Fish and Cherries Productions

Creative content from a mad mind.


Reel Snippet Classic – Pete’s Dragon (1977)

Summary: Pete (Sean Marshall) is a young orphan with a big secret: a dragon named Elliot (Charlie Callas) that can turn invisible. After Elliot helps him escape from the Gogans, his cruel adopted family, the two make their way to the small coastal town of Passamaquoddy, Maine. After accidentally causing some trouble, Pete befriends the kindly lighthouse keeper Nora (Helen Reddy) and her slightly alcoholic father Lampie (Mickey Rooney). They let him stay while Elliot keeps an eye on him from a nearby cave and Pete starts to truly find a home there. But things change when a snake oil salesman by the name of Doc Terminus (Jim Dale) and his assistant Hoagy (Red Buttons) roll into town and hear word of the dragon, thinking they might be able to profit off of him. Of course, that’s going to be an uphill battle against Pete’s spirit and his ironclad friendship with his lovable dragon.

Review: Pete’s Dragon (1977) was a perfectly charming movie and a great reminder of Disney’s mid-century works. It’s not a particularly complex movie — the heroes are pure and kind and the villains are vile and nasty — but it doesn’t need to be. An innocent story about a young lad and his guardian dragon can just be simple wish fulfillment and this movie has that in spades. It’s like Oliver Twist with dragons in it… as well as less prostitutes and murder.

This is the kind of family film that decides to abandon logic at times and I’m not talking about the big questions like “why did Elliot come to Pete and how did he get his magic powers?” It’s more like little details that might make people pause like, “Why does Nora go from being manhandled to happily dancing on a spinning barrel?” or “Why does the town of Passamaquoddy have a net and pulley trap to save Doc Terminus and his assistant from being launched into the water?” I don’t know and I don’t need to know. It’s like a stage musical on screen, with props, situations, and plot details to fit the music and hijinks. It actually reminds me of Oklahoma, what with the hillbillies with impeccable dancing skills.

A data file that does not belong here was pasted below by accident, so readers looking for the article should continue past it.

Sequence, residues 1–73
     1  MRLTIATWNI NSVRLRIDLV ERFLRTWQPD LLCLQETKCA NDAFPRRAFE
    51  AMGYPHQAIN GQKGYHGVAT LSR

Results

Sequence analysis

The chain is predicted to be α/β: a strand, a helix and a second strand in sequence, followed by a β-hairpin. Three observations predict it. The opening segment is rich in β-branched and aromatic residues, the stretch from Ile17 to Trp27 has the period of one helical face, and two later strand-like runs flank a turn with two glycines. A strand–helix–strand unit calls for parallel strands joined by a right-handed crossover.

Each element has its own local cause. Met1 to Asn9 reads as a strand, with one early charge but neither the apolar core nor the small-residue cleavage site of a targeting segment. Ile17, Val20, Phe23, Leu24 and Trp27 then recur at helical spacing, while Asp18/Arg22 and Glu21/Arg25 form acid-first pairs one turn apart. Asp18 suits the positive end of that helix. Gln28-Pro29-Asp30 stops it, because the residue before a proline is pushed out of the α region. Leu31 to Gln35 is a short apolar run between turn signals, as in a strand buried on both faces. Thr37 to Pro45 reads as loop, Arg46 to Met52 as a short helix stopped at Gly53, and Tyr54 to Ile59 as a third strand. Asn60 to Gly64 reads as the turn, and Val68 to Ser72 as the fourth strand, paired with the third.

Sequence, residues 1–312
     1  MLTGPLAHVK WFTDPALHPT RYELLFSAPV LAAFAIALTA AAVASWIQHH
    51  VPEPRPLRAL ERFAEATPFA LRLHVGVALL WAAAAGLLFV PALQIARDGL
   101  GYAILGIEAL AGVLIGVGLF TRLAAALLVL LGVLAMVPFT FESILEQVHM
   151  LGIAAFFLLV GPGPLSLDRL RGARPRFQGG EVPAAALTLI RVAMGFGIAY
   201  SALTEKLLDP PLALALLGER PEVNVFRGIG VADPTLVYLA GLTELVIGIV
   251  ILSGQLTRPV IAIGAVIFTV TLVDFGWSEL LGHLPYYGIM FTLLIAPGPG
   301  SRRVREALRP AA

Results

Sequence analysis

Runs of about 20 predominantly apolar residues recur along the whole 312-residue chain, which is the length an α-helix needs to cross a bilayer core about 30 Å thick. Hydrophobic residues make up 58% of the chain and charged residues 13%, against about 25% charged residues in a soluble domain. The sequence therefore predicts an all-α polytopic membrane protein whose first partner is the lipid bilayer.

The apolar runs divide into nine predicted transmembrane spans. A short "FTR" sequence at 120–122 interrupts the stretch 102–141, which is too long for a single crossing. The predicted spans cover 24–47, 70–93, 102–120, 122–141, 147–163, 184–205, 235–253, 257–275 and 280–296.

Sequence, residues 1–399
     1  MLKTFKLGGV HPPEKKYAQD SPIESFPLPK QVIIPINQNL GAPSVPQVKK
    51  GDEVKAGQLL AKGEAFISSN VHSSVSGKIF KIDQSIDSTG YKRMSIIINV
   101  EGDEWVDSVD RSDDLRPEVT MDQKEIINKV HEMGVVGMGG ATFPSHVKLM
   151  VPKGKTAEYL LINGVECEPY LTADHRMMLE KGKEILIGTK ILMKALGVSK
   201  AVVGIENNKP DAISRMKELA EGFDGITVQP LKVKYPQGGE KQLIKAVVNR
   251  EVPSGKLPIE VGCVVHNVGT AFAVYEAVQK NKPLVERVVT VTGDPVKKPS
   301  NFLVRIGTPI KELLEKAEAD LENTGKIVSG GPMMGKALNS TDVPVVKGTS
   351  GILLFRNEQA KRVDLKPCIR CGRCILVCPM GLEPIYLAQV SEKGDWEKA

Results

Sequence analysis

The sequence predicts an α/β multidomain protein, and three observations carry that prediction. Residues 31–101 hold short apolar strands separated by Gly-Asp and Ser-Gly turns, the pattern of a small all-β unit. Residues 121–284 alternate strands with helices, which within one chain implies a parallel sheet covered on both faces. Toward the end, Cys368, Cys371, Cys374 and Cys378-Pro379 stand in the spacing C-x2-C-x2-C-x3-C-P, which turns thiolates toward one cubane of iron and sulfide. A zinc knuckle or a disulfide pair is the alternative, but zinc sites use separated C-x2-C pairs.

It’s definitely a character driven story rather than a plot driven one, so it’s lucky that the characters are quite good. While they’re all charming (or charmingly despicable) in their own way, a true standout is Nora, who has a magnetic on-screen presence and a beautiful singing voice. Also worth mentioning is Lampie, who may be mugging to the high heavens, but Mickey Rooney’s performance is so compelling that it just works. Of course, I can’t forget to mention Dr. Terminus himself, where Jim Dale pulls off a perfect swindling slimeball with an articulation and style that’s just delightful.

And, of course, I can’t end without mentioning the titular dragon himself, Elliot. The cartoon dragon is very well animated and has the distinct style of the legendary Don Bluth (if the name isn’t familiar, you should know that he made An American Tale, The Land Before Time, All Dogs Go To Heaven, and many other animated films that defined childhoods and broke hearts). The animation blends pretty seemlessly with the live action footage, though there are some spots that look a little awkward. Also awkward are some of his movements, almost as if they’re too fluid, but thankfully not all of them.

If I had one very minor complaint, most of the songs aren’t very memorable. With the exceptions of “It’s Not Easy” and the Oscar-nominated “Candle on the Water,” I have to be reminded in some way of how the songs went. Still, kind of hard to hold anything against such a charming movie and I’m glad I saw it. If you have children or are a child at heart, give it a watch. Of course, now that I’ve seen this, I may have to see the 2017 remake to see how it holds up…

Fun Tidbit: There’s a rather humorous scene where Lampie and Hoagy stumble drunkenly into Elliot’s cave to try and find him. This scene was totally improvised with each comedian trying to outdo the other in terms of lines and slapstick.

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